Part IV. SAT (Boolean Formula Satisfiability Problem)
7 SAT
Satisfiability
An example for a boolean formula is
(¬x_{1} ∪ x_{2}) ∩ (x_{1} ∪ ¬x_{2}) ∩ (¬x_{2} ∪ x_{3}) ∩ (¬x_{1 }∪ ¬x_{2} ∪ x_{3}).
This formula is in conjunctive normal form (CNF) (intersection of unions).
This boolean formula is satisfiable if there is some assignment of the values 0 and 1 to its variables that causes it to
evaluate to 1 (true).
If we put, x_{1 }= 0, x2 = 0, x_{3} = 1, we can see that the above formula evaluates to 1 (true).
This means above formula is satisfiable.
Consider the boolean formula,
(x_{1} ∪ x_{2}) ∩ (¬x_{1} ∪ ¬x_{2})
If we put x1 = 0, x_{2} = 0, this formula evaluates to 0. If we put x1 = 0, x_{2} = 1, this formula evaluates to 0. If we put
x_{1} = 1, x_{2 }= 0, this formula evaluates to 0. If we put x_{1} = 1, x_{2} = 1, this formula evaluates to 0. This means for any values assigned to the variables the above boolean formula always evaluate to 0 (false).
This means the formula is not satisfiable.
SAT Problem
SAT (Boolean Formula Satisfiability) problem is defined as:
Is there a set of values for the boolean variables that assigns the value 1 (true) to the boolean expression given in CNF?
8 Cook’s Theorem
Cook’s theorem states that
satisfiability of boolean formulas (SAT problem) is NPComplete.
SAT Problem is NP  Complete
We know that a problem is in class NPComplete if: it is in NP and it is NP Hard.
Theorem:
Satisfiability of boolean formulas is NPComplete.
Proof:
Step 1: Prove that SAT problem is in class NP.
A boolean variable can have two possible values. Hence, for an n variable boolean expression in CNF, there are 2^{n} possible combinations of values of these variables.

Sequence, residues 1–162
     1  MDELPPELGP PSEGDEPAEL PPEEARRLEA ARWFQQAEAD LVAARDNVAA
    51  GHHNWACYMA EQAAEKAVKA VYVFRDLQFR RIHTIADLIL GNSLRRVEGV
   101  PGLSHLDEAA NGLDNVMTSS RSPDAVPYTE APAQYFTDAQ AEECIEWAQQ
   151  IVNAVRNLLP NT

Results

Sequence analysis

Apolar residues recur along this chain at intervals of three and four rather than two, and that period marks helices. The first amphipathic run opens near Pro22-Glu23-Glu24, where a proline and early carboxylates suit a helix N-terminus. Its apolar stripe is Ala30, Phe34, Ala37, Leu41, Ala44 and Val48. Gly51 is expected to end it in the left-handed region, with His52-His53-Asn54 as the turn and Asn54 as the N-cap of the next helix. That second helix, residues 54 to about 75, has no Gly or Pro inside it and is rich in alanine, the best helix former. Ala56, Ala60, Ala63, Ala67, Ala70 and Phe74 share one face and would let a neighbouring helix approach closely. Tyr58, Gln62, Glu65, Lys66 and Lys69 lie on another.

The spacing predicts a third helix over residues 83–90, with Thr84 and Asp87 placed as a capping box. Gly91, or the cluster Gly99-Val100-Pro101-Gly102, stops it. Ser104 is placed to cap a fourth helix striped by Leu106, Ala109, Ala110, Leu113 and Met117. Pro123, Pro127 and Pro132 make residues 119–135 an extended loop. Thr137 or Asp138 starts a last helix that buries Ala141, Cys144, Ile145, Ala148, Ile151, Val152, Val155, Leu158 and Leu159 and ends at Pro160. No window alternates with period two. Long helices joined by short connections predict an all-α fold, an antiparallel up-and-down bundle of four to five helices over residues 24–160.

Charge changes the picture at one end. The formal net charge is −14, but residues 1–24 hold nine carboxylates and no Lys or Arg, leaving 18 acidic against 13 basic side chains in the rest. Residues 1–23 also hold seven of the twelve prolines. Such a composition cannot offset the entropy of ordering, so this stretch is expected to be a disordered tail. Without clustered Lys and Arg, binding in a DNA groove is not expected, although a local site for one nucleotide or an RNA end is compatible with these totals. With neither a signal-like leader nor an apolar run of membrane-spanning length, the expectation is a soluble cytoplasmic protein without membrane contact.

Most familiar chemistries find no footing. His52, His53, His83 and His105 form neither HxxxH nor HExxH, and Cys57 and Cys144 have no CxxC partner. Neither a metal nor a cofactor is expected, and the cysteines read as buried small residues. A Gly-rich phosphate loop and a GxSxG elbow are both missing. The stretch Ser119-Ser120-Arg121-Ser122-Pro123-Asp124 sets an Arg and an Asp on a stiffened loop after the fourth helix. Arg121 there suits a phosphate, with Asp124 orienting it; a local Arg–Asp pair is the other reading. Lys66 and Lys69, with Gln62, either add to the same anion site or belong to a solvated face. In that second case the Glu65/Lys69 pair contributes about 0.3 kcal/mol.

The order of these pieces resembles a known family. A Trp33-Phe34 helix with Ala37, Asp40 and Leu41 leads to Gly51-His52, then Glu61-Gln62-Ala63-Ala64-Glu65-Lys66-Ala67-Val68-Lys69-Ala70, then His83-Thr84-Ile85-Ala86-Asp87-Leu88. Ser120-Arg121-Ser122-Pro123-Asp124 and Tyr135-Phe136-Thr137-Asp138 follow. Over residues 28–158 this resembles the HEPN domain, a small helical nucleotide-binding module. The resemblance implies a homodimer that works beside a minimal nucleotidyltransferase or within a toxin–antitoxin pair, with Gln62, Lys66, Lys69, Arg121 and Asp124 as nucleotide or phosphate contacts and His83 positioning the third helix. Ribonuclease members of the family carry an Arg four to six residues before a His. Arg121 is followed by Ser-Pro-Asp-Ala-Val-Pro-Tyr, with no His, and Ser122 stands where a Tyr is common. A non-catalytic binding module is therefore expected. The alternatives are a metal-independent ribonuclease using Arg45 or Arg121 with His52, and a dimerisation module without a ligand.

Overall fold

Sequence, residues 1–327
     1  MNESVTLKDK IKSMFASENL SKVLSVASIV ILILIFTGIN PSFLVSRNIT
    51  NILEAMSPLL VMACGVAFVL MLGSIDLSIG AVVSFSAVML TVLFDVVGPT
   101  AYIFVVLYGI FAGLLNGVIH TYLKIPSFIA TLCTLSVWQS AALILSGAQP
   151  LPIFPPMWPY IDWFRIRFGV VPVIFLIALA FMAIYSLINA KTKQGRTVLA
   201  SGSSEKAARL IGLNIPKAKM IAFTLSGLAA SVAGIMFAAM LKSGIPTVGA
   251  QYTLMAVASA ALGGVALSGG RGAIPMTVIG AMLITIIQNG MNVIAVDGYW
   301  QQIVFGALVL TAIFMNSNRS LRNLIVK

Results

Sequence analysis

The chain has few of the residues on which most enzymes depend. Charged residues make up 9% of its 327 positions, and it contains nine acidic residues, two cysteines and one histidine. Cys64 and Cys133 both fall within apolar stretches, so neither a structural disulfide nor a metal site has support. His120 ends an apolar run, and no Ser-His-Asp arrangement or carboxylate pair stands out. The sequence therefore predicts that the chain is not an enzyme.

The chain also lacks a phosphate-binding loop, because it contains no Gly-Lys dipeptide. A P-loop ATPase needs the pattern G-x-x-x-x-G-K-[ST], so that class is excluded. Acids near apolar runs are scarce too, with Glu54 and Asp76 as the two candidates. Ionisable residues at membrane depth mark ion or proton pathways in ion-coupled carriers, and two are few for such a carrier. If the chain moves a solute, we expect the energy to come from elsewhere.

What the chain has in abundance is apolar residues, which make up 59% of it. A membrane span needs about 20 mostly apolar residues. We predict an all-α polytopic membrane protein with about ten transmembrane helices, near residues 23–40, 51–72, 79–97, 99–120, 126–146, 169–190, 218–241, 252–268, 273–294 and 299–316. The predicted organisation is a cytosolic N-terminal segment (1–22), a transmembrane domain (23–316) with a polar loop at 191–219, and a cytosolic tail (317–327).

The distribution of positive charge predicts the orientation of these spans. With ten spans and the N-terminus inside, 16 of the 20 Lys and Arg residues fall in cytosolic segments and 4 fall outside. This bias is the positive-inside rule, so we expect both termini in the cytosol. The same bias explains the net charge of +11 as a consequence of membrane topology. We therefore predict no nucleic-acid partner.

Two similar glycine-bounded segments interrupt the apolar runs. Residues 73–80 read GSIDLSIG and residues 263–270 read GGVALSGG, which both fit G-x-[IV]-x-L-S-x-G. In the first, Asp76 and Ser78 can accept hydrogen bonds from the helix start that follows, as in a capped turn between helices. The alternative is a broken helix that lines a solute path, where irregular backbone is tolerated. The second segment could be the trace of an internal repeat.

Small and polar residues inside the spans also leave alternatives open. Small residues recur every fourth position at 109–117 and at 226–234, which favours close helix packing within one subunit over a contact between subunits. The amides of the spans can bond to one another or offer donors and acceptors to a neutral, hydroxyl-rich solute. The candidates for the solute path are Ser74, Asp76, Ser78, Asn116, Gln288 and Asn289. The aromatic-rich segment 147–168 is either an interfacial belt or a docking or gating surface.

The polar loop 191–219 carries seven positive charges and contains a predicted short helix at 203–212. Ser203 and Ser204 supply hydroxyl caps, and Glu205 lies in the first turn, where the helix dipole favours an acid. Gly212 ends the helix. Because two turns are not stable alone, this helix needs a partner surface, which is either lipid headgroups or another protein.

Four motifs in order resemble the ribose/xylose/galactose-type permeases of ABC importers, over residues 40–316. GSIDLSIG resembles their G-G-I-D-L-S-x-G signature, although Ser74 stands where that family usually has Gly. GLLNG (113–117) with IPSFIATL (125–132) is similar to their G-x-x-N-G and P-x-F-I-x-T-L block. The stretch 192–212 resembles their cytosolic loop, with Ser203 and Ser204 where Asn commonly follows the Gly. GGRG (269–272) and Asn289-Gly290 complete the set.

If we want to check whether a boolean formula is satisfiable, we need to apply each combination to the formula until we get a 1 as the result of evaluation. In the worst case, we need to apply all the 2^{n }possible combinations.
Consider the formula, (¬x_{1} ∪ x_{2}) ∩ (x_{1} ∪ ¬x_{2}) ∩ (¬x_{2} ∪ x_{3}) ∩ (¬x_{1} ∪ ¬x_{2} ∪ x_{3}). There are 3 variables. Each variable can have two possible values, 0 or 1. There are 2^{3} combinations. So the time complexity of this problem is Θ(2n). (not polynomial time) If we are given a certificate containing a satisfiable assignment for a formula, then we can easily verify it in polynomial time.
For example, for the above formula, if we are given a certificate saying that if x^{1} = 0, x^{2} = 0, x^{3 }= 1, then just applying these values to the formula, we get,
(¬x_{1} ∪ x_{2}) ∩ (x_{1} ∪ ¬x_{2}) ∩ (¬x_{2} ∪ x_{3}) ∩ (¬x_{1} ∪ ¬x_{2} ∪ x_{3})
=(¬0 ∪ 0) ∩ (0 ∪ ¬0) ∩ (¬0 ∪ 1) ∩ (¬0 ∪ ¬0 ∪ 1)
=(1 ∪ 0) ∩ (0 ∪ 1) ∩ (1 ∪ 1) ∩ (1 ∪ 1 ∪ 1)
=1 ∩ 1 ∩ 1 ∩ 1=1
This can be done in linear time.
So the SAT problem is in class NP.
Step 2: Prove that SAT problem is NPhard.
We know that a problem is NPHard, if every problem in NP can be reduced to this problem in polynomial time.
A lot of details are involved in this proof. [This proof is beyond the scope of this class].
[Refer the text book ’Introduction to the Theory of computation’ by Michael Sipser  Chapter 7 Theorem 7.37]
3CNF Satisfiability Problem (3CNFSAT)
3CNF
We know that a boolean formula is in conjunctive normal form(CNF) if it is expressed as an AND of clauses, each clause is the OR of one or more variables.
Then, a formula is in 3conjunctive normal form (3CNF) is each clause has exactly three distinct literals.